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Schwinn running strong program

by Baxter Cepeda, Sports editor


In her three years as head coach of the men and women’s Sea Warrior cross country program, Vien Schwinn has assembled squads capable of contending for Division II National Championships. The move to hire Schwinn, which can now be safely called a good one, was made by recently retired Athletic Director Tony Sellitto and current Athletic Director Russell Dung.

Schwinn ran for HPU in 1991-92 and coached ‘Iolani’s cross country and track and field programs in 1998-99. “That’s basically where my coaching started,” Schwinn said, referring to her ‘Iolani experience.

At HPU, Schwinn double majored in Enterperneural Studies and Management before graduating in ’93.

After graduating, Schwinn worked as a manager of the Spa Health and Fitness Center on ( ). She also owned and operated her own company, Body Link, Inc., “Basically managing health and fitness for First Hawaiian Bank,” Schwinn said. “That’s why I have a lot of experience and knowledge in health and fitness, physiology, anatomy— all that stuff.”

She retired from “all that stuff” in December 1997 to do bookings for her husband, a dentist, and to take care of their children, ages 6 and 9. “Ever since then, it’s just coaching on the side,” she said.

Schwinn recalled the events in July, 2000 that led to her appointment: “Somebody told me the school was looking for a head cross country coach.” She talked to Dung first, and he referred her to Sellitto who, after an interview, gave her the job. “That’s how it all started,” Schwinn said.

She added that she believes she got the job partly because she is an alumni of the school. Sellito already knew her. “I guess that made it easier.”

Because she started in July, just before the season started, Schwinn did not get the chance to recruit. “It was a learning year,” she said. “We just worked with the runners who were there. We didn’t have a great team but they did well; they did great.”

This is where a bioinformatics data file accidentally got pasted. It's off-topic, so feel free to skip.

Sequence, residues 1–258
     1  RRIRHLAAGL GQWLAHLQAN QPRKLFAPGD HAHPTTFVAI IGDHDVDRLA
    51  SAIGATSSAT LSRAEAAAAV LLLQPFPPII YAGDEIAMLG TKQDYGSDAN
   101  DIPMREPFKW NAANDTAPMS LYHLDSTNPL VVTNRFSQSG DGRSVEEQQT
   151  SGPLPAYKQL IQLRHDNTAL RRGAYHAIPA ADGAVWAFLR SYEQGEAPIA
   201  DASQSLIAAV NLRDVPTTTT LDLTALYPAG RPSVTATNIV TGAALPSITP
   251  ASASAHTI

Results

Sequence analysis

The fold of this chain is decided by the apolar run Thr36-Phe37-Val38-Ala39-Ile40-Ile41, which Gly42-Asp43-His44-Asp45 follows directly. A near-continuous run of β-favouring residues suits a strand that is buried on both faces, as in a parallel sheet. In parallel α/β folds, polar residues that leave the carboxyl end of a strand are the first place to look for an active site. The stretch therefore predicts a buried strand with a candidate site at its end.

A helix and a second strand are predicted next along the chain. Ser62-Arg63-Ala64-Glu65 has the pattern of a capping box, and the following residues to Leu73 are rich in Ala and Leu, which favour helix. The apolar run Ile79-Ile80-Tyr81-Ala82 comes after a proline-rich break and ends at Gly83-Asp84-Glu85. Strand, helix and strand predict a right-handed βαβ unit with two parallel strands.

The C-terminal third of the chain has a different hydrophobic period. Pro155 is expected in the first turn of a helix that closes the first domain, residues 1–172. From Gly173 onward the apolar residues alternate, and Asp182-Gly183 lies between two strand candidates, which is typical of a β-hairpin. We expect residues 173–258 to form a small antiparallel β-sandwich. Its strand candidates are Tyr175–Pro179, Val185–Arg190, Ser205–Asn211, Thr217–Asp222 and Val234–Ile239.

After the first season, Schwinn started recruiting, which she calls a “full-time job.” Working out of her home, she was “bombarded with parent’s calls and resumes, prospects here and there throughout the year.”

Like many coaches in programs that cannot budget money for mainland recruiting trips, Schwinn used the telephone, e-mail, and digital pictures to recruit top runners.

Schwinn feels that recruiting for cross country is challenging because the season is so early in the school year. “Somebody can tell you, ‘I can run whatever,’ then they don’t train for a whole summer and there goes the season,” she explained. “It can be very disappointing. It’s a coach’s nightmare.”

Maturity and responsibility are why Schwinn says she likes recruiting transfers rather than freshmen. “It’s hard to motivate someone if they’re not mature,” said Schwinn. “I want people who run year round, who compete on their own in events like road racing over the summer. Some people can’t handle that, and the young ones don’t seem to do that well, so we get a lot of transfer students, which to me is for the best.”

Schwinn said that she currently has four star runners whom she recruited strictly through e-mail, including Senior Christian Madsen and Junior Nina Christensen. Schwinn says that other than the school’s web site, the best way HPU can attract strong runners in the future is by having a strong showing at the Nationals when everybody is watching. “Here (in Hawai‘i) we are dominant, but that is nothing like racing against the best on the mainland.”

Schwinn is pleased with her first recruiting class, which also includes Sophomores Robert Tyler, Chris Larson, Sayuri Kusutani and Heather Postema.

Over last spring and summer, Schwinn signed some solid freshmen--including Rachelle Miller, Masako Sagawa, Herald Buerkle, and Lindsey Woodward.

Although this year’s results show Schwinn has recruited some great runners, things could be better, she said. “The recruiting hasn’t been good. We’re not exposed. I’m not at the big meets where all the coaches are looking at the top runners, and getting them,” she said. “We don’t have the funding to do that, so recruiting, for us, is just on-line.”

One more thing works against HPU when recruiting top-notch runners, Schwinn said: “No track and field. Runners don’t want to just run cross country, so we have that problem,” but that’s all HPU can offer.

Schwinn says that although her program does have limitations, there are advantages. The main reasons people come to run for HPU, Schwinn said, are because it’s basically a good program, a good school with a multicultural environment, in Hawai‘i. Also, it’s a private university; students don’t have to pay out of state tuition.


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